Friday, 11 November 2016

Leonard Cohen's first visit to Winnipeg, 1964

The Manitoban, Feb. 5, 1964

In February 1964, 29-year- old Leonard Cohen made his first visit to Winnipeg.

At this point in his career, Cohen was best known for his second collection of poems, The Spice-Box of Life (1961) for which he won a CBC award for new literature and two Canada Council awards. He also had just published his first novel The Favourite Game three months earlier.

Thanks to these accolades and and appearances on CBC radio, Cohen was making a name for himself across the country.

 U of M Library, Winnipeg Tribune Photo Collection

Cohen was visiting Winnipeg to participate in a 1964 Manitoba Theatre Centre special production called "Poetry and Jazz" where he and master guitarist Lenny Breau shared the stage. It took place on the afternoon of February 9, 1964 and admission was $1.00.

At the time, MTC was located at the time in the old Dominion Theatre on Portage Avenue East.

Neither of the daily papers reviewed the show.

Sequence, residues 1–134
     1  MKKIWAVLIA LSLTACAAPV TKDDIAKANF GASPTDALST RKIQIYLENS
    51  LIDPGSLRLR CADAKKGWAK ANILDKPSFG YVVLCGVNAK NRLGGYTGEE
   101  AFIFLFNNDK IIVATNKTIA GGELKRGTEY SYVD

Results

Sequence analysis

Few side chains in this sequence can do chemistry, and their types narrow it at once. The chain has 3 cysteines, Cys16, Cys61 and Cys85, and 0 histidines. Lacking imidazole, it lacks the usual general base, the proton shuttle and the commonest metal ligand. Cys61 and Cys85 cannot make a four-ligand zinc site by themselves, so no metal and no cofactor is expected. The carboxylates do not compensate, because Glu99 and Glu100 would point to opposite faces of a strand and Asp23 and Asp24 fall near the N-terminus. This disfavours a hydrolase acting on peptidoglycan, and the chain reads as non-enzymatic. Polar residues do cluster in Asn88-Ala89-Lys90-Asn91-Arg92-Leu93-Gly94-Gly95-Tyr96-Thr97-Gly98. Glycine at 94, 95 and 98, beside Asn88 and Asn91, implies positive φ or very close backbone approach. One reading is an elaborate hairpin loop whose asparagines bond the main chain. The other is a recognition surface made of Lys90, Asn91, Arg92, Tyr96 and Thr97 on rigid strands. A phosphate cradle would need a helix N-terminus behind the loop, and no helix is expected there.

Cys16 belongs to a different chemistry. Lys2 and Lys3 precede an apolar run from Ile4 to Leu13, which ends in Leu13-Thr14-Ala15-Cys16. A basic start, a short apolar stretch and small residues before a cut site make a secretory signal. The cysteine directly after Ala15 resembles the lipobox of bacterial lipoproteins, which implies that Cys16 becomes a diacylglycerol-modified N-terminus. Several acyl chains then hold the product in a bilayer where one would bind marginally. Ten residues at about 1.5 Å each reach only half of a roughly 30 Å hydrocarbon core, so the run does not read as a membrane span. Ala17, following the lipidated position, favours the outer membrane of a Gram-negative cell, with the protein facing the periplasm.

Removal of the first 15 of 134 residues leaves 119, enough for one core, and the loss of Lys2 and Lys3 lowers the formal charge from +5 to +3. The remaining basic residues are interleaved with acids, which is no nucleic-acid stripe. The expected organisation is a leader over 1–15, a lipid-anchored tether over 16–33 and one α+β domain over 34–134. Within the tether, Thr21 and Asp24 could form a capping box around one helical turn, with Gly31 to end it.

February 4, 1968, Winnipeg Free Press

Free Press entertainment reporter Phyllis Laking caught up with Cohen while he was in town. She noted that he certainly looked like a poet: “He was wearing a dark blue suit, brown suede shoes and a Beatles haircut.”

Cohen protested that he was described as a 'professional poet' by the media. “I’m not a professional poet. I’m not a professional anything. It comes as a surprise that people are willing to pay my plane fare to hear me read.”

As for is impressions of the city, Cohen complimented the new airport as "lovely" and added: “I would say the same thing about Manitoba that Lawrence of Arabia said about the desert: I like it because it's clean."

Cohen did other readings while here, including one at the University of Manitoba the following week. The original lecture room had to be switched to a theatre due to a larger than expected crowd.

That event appears not to have been reviewed either, but in a Letter to the Editor to the Free Press following the event “D.U.S.” gave their take on it: "The large theatre used was overcrowded with stupid, smiling, noisy young girls who seemed eager only to gaze at the ‘poet’ and to laugh too loudly and nervously at sexual references in his work.”

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